Since his childhood, Joachim Franco sharpens his eye in the alleys of Paul Bert Serpette. Defender of authenticity and quality of the objects that he proposes, it is in a chic atmosphere and surrounded by exceptional pieces that we invite you to make a stop on the this antiques dealer's booth.
What is your background ?
I spent all my childhood in the world of antiquities because my father and my grandfather were merchants in Paul Bert. My grandfather moved there in the 1960's. I studied art history, and then I immediately started working with my father. This was not immediately obvious. My father sold old furniture and I wanted to specialize myself in design. So I started to look for design pieces when it was not quite fashion. I bought some designers pieces but my choices were more based on the quality of the objects. Some pieces that I presented at the very beginning are now highly rated. I surfed the wave, we were very few to do that.
What is your speciality ?
I do not really have a specialty, I choose a piece regarding its line and its decorative aspect. I do not buy a name because I do not think it defines the quality of the object. I am attached to the aestheticism, to the drawing, to the idea that had the creator.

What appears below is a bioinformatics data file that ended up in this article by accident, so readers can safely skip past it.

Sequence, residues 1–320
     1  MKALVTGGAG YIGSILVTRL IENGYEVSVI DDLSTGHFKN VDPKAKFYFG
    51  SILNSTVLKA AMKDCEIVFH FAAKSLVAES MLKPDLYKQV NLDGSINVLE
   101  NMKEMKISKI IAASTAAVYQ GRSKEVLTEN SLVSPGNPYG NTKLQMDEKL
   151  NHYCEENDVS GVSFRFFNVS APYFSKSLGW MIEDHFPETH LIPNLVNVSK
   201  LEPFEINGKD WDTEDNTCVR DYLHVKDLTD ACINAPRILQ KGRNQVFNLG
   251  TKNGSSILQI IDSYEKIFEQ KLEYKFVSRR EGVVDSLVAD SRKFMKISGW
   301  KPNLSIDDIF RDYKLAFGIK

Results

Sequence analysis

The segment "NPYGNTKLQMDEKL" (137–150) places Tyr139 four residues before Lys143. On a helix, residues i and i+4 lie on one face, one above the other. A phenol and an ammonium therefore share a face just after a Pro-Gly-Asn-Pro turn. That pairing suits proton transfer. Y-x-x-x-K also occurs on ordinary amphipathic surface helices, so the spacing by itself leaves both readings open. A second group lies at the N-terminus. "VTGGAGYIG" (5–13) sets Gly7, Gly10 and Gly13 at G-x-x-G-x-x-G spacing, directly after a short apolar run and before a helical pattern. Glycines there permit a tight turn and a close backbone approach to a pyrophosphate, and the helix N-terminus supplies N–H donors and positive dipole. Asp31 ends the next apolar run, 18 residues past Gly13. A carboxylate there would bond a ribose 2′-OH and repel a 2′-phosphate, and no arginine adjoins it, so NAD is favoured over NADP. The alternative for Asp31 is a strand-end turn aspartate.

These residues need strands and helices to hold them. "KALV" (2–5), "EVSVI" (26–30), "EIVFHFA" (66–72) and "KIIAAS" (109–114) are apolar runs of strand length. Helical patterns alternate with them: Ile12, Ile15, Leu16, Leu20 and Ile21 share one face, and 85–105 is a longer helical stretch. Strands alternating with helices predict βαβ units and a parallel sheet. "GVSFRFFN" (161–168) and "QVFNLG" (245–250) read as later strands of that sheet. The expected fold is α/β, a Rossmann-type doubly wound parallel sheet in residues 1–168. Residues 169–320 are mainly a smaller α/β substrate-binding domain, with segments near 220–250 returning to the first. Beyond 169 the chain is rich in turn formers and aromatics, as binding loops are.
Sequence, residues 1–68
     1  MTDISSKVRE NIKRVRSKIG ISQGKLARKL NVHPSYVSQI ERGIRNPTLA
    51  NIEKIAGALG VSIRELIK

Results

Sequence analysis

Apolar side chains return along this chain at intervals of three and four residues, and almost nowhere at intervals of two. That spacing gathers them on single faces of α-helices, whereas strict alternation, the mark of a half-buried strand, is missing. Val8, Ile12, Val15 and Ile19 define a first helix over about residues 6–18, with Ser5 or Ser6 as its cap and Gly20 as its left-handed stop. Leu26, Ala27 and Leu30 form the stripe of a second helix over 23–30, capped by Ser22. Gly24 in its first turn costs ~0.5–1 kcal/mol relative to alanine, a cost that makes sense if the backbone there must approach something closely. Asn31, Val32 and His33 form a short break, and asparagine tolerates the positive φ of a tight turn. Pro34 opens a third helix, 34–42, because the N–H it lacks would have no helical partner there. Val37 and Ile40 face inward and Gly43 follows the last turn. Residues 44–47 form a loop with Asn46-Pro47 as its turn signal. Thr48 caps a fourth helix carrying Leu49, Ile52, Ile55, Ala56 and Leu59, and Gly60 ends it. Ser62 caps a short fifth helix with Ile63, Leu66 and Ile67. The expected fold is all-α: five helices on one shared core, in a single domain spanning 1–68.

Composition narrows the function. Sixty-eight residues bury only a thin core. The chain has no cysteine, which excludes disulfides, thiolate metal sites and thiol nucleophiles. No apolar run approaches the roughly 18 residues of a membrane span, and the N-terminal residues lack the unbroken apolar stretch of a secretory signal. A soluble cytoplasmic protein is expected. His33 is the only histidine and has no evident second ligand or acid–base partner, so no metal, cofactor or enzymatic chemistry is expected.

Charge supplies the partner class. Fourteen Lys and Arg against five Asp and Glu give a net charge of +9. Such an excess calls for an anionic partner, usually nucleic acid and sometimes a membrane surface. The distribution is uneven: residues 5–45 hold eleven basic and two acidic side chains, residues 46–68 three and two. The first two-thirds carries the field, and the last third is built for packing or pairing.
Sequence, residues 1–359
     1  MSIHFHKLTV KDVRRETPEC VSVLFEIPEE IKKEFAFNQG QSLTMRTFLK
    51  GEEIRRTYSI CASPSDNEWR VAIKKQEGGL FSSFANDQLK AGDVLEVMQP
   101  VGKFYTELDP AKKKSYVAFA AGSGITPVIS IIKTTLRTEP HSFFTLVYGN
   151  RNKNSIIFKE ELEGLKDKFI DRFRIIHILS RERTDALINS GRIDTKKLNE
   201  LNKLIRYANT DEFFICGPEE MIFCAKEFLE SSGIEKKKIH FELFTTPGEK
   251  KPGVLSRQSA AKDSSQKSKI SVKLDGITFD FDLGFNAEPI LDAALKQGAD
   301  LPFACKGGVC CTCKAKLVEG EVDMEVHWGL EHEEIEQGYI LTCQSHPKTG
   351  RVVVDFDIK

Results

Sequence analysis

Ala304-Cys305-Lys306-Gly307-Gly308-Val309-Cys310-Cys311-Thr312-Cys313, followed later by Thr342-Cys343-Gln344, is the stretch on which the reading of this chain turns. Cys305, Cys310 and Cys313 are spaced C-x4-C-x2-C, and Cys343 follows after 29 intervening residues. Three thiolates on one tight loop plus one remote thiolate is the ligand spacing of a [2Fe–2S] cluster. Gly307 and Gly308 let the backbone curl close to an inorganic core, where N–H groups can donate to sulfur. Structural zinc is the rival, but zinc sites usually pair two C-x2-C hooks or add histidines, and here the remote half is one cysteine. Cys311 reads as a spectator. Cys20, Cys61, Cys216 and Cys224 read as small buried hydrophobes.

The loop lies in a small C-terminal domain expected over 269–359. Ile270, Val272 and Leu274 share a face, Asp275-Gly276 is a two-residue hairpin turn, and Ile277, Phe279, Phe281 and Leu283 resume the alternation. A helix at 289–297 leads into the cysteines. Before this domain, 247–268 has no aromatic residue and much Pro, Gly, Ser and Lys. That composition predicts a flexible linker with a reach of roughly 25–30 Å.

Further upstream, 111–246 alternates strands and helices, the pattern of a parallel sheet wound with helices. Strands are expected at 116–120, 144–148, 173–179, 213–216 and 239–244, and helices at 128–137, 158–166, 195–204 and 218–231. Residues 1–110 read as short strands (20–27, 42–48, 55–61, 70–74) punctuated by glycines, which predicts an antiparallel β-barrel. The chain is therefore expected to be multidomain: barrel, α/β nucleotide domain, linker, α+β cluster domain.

How do you envision the antique trade ?
For me, being an antique dealer is trying to discover and rediscover works, artists, and always try to remain authentic.
For you what does Paul Bert Serpette represent ?
When I started working here, my dad told me that it's best place to learn about the trade, to see a lot of things, to get an idea of what is selling or not, and to learn to understand. My personal story makes me someone who is very attached to this market. Paul Bert Serpette is also the place to be to meet a VIP clientele. There is a very specific atmosphere, a beautiful selection of objects.
What is the piece of your booth that you want to highlight ?
I have a very large bronze sculpture of Christian Maas representing a deer. I bought it with an antique dealer friend in Drouot. We really flashed on this piece. It is not representative to the usual work of the artist. From 1991, he began to made tribute to some great artists. This sculpture is inspired by a work of François Pompon that had been exhibited at the Museum of Modern Art in the city of Paris. The patina is beautiful. I like the presence of this sculpture, and what it releases. I bought it because I thought it was going to set a nice atmosphere in the booth. It's a real presence.